• But, a participant mentioned the BIG PROBLEM with this.  In Pakistan/Afghanistan their tribal laws says you can kill your daughter if she marries the wrong person.  Their federal laws say it is illegal, but tribal law trumps it.  We do not agree with this law so we say it is evil and wrong, but to them it is just and right. In this Erdrich example, we happen to agree with Joe and his Dad, so we say it is okay.  This is troubling.  We discussed the moral quandary here for a bit.
    • As I was reading, I knew Joe was going to go through with murdering the man who raped his mom, and it made me slow down.  I almost stopped reading because I didn’t want to see Joe commit murder.  I was literally telling him,  “Don’t do it Joe!”
  • Question: So now is the time to discuss Joe and his taking of the law into his own hands. We spent close to an hour on this.
    • Joe plans the murder of his mother’s rapist and takes the first wounding shot.  Even though it is Cappy who fires the fatal shot, Joe is the only one standing at the end of the novel. He never turns himself in.  We can assume this because he became a judge.  I don’t think he should have killed for justice. I think he deserves to be punished.
    • I think he should have killed him [I thanked this participant for being so honest with the group]. I feel bad saying it, but I am glad Lyndon is dead and that Joe was not punished for it.
    • The rapist was an “insanely horrible” person.  We all loved this term.  We then talked at length about how Erdrich made Lyndon more and more horrible.  He really was despicable.  This makes it easier for us to reconcile the paradox that Joe is a murderer but we love him and don’t want him to get caught.
    • It is troubling when you think about it.  We all love Joe and care for him.  We all want to protect him.  What brilliance by Erdrich to get those feelings out of us.  Cappy dies, but he almost has to since he is the one who pulled the trigger on the fatal bullet.  But Cappy didn’t plan anything; he was just a faithful friend.
    • This is just the perfect ethical dilemma Erdrich has set up in novel form.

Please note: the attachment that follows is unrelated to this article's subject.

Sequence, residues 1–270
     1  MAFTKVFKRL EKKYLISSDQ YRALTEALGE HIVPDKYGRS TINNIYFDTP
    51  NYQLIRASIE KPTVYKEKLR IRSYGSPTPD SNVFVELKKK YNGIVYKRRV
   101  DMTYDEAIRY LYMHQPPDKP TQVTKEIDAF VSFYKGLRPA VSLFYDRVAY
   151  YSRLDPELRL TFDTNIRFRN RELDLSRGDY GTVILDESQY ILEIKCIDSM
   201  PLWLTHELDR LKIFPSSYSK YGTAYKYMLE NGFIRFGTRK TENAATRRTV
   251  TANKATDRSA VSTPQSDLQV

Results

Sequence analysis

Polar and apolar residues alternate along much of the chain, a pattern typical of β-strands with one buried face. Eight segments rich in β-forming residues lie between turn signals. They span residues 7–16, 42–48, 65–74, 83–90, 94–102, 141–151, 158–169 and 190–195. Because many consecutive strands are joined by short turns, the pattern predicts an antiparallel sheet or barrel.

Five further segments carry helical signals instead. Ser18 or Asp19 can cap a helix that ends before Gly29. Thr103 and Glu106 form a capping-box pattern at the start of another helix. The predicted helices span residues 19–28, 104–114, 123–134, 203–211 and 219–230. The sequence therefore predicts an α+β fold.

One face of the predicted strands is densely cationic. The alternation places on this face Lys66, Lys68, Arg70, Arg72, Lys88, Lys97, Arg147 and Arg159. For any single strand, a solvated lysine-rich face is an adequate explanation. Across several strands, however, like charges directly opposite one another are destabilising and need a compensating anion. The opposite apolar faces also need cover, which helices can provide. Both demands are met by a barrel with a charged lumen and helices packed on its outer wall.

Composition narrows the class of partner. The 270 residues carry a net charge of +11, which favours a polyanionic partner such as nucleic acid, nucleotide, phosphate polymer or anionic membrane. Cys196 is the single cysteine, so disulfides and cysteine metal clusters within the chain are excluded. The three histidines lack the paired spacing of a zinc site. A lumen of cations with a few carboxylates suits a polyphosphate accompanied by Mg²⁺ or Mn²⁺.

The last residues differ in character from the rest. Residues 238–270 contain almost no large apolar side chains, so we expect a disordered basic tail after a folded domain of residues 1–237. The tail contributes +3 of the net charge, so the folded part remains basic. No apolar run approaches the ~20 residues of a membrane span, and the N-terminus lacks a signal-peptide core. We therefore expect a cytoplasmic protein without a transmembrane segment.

• I believe “Thou Shall Not Kill” yet I’m okay with this novel.
    • Joe is not only NOT punished, he becomes the tribal judge as an adult. He becomes the upholder of the law.  Is that penance itself? It’s ironic at the least.
    • Joe was driven to murder after his Dad had the heart attack.  By that time Joe knew they couldn’t catch Lyndon with the law, but Joe knew if he didn’t do something this guy would end up killing them all.
    • When Father Travis talks about the different types of evil, I thought that meant Joe was going to decide NOT to kill Lyndon.
      • In general I found the juxtaposition of the tribal and Church interesting.
    • Money and politics end up playing a big part in the story.  The moral/philosophical juxtaposition are mucked up by those. No one is completely right or totally wrong-- all sides (good and evil) are compromised by money and politics.
    • If you knew your child killed someone, how would that be?
    • But if they had to see him every day and know he did it, how could I live with myself?
    • But how can everyone in the tribe look at Joe and know he killed?
    • Leader’s Note: I loved that these questions were flying back and forth from the group members themselves.
  • Question: As I began to try to wrap things up, I asked if people thought Joe’s actions were justice or vengeance?
    • This book made me think of the Samurai who only kill for justice, but if they are emotionally attached to a victim, they are not supposed to kill. So even if a just killing, Joe is too connected to the crime.
    • I think if it was justice, he would have confessed. So it is vengeance because he is remorseful.
    • I think the complexity of this question is there to illustrate how teens have more complexity than we give them credit for.
  • Question: What would have happened if Joe did not kill him?
    • I hope the tribe would have found a way to take justice into their own hands as a group.
    • We are uncomfortable with admitting that sometimes evil succeeds-- this statement made us all stop and think for a moment.  First moment of quiet in 80 minutes.
    • I don’t think his mother would have recovered mentally if her attacker was still alive.
    • Also, we saw that Lyndon was incapable of remorse throughout his life, so he would have kept pestering them and holding power over them.
  • Words to describe this book:
    • beautifully heart wrenching
    • philosophical
    • morally complex
    • dilemma
    • justice
    • vengeance
    • love [family and tribal]
    • respect for Native Americans
    • mother-son bond
Readalikes: I have extensive readalikes here. But to those I would add a few more I found on NoveList:
  • Thirteen Moon by Charles Fraizer: both are literary, coming of age stories with an adult narration recalling back to childhood and feature Native Americans
  • Perfect by Rachel Joyce: "These haunting literary novels feature young men whose lives are uprooted when dramatic, life changing events force them abruptly into adulthood....Both are surprisingly uplifting.
Also, those of your who skimmed may have missed the readalikes that came up in the discussion as outline in the first Question bullet point.